Procedure 20 – Producer Selection, Appointment and Termination

Observations: The Company has a written Producer Selection, Appointment and Termination

procedure. The procedure is clear and current. No conflicts with Delaware’s statutes or regulations are noted.

The Company’s Sales and Marketing (S&M) and the business units determine from whom they will accept business. Either S&M or the business unit will contact the Regulatory Services Group’s Producer Administration Unit in order to determine whether the producer has an existing appointment with the Company or if an appointment should be made. The assigned Producer Analyst will contact the producer directly for any additional information needed in order to process the appointment (if required). All appointments are made with Kaplan Financial's Appointpak product; background checks are integrated within Appointpak (GIS is the Company’s background check vendor). Every business unit, except the Company’s Equine and Design Professional, treat their producers as brokers, so if the state permits brokering they will not make an appointment. However, the Companies’ still require securing license information in order to verify that the agency and/or individual holds a valid broker license in the insured’s and

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producer's state of domicile. The Producer Analyst will advise S&M or the business unit (depending on who made the appointment request) that either the appointment has been made or that no appointment is required (states that permit brokering). The database is updated with the new producer information.

The Producer Administration Manager will secure a listing of all producers. Those who are flagged as not producing business within the past eighteen (18) months will be terminated after confirmation that neither S&M nor any business unit has any objections. The producer is notified of the termination, the state is notified of the termination (if required), and the database is updated.

Recommendations: None

Procedure 21 – Producer Defalcation

Observations: The Company has a written Producer Defalcation Procedure. The procedure is

dated July 2005.

Producers who are suspected of fraud or illegal conduct are referred to the Legal Department, Internal Audit, and Regulatory Services. The Legal Department/Regulatory Services handles all required communication with state insurance departments regarding the producer. The Internal Audit Department investigates the allegation of fraud.

Generally, a notice of fraudulent or illegal activity will be forwarded to the Producer Administration Unit from the Company’s Legal Department, who receives notice from the state. The Company checks their database and the National Insurance Producer Registry’s Producer Database (PDB) to see if there is an appointment for the producer with any of the Companies. If so, the Company will advise the Legal Department who will request that the producer’s appointment be terminated and will cancel the producer’s agreement. The Legal Department will advise all business units and Sales & Marketing as to the particulars of the action taken, taking into consideration privacy issues surrounding the circumstance of the defalcation. If there is no active appointment the Company must still provide evidence to the Legal Department that there are no active appointments with any of their Companies, via a screen print from the PDB, as well as show that the producer agreement was cancelled. During the course of this examination the examiners did not review the PDB system. However, no problems were noted in the materials provided for review or mentioned during any of the on-site interviews.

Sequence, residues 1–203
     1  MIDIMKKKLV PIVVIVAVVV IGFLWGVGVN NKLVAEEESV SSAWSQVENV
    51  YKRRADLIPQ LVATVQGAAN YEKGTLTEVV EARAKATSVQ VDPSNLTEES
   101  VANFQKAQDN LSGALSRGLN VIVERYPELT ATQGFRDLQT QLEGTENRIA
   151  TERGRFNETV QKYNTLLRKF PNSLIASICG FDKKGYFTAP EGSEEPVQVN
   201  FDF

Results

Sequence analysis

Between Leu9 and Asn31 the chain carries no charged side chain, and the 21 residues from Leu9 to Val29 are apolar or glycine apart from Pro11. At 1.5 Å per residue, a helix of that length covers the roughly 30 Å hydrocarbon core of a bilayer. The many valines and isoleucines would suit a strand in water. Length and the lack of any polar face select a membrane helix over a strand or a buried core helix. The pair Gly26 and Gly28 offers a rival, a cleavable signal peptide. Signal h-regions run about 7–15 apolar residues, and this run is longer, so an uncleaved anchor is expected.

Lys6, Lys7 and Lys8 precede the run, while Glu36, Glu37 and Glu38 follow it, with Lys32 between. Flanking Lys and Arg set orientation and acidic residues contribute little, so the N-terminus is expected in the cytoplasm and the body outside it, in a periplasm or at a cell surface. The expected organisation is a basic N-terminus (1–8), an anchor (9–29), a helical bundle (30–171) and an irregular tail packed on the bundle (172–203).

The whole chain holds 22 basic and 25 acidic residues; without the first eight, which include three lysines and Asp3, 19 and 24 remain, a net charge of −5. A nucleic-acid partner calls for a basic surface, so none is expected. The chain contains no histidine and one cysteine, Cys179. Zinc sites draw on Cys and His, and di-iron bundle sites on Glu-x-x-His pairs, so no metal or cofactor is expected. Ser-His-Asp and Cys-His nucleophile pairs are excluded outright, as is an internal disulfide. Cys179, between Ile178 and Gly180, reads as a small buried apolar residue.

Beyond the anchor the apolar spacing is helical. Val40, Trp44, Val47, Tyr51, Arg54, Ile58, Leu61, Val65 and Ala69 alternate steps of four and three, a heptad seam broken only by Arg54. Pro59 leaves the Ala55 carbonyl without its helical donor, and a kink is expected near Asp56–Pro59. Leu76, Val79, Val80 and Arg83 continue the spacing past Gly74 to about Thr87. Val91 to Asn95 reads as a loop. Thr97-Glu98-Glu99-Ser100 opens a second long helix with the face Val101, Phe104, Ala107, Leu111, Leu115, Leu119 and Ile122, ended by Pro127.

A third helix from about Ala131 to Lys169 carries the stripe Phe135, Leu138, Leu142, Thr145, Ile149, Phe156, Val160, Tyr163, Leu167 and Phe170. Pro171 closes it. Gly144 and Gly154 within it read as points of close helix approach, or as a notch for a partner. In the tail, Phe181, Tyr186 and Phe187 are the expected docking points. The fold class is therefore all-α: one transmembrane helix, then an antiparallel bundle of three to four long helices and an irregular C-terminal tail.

Recommendations: None

Procedure 22 – Prevention of the Use of Persons with a Felony Conviction

Observations: The Company has a written prevention procedure addressing the Use of Persons

with a Felony Conviction Procedure. The procedure is clear and readable and dated July 2005. No conflicts with Delaware’s statutes or regulations are noted.

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If an appointment is required, the background check is automatically sent to the Company’s background check vendor (GIS) via Appointpak, which is the tool used to make all appointments. Background checks are performed in all states which require them. The Company uses Kaplan Financial's E-Pal product as their reference tool to determine which states require background checks. The background check criteria are listed below:

Criminal History: Any misdemeanor convictions found at the county level, any felony convictions found at the county level.

Credit History: Bankruptcies and tax liens within 1 year totaling $5,000 or more, Bankruptcies and tax liens within 7 years totaling $15,000 or more, Garnishment on earnings within the last 5 years.

Recommendation: A federal requirement (18 USC §1033) makes it illegal for an individual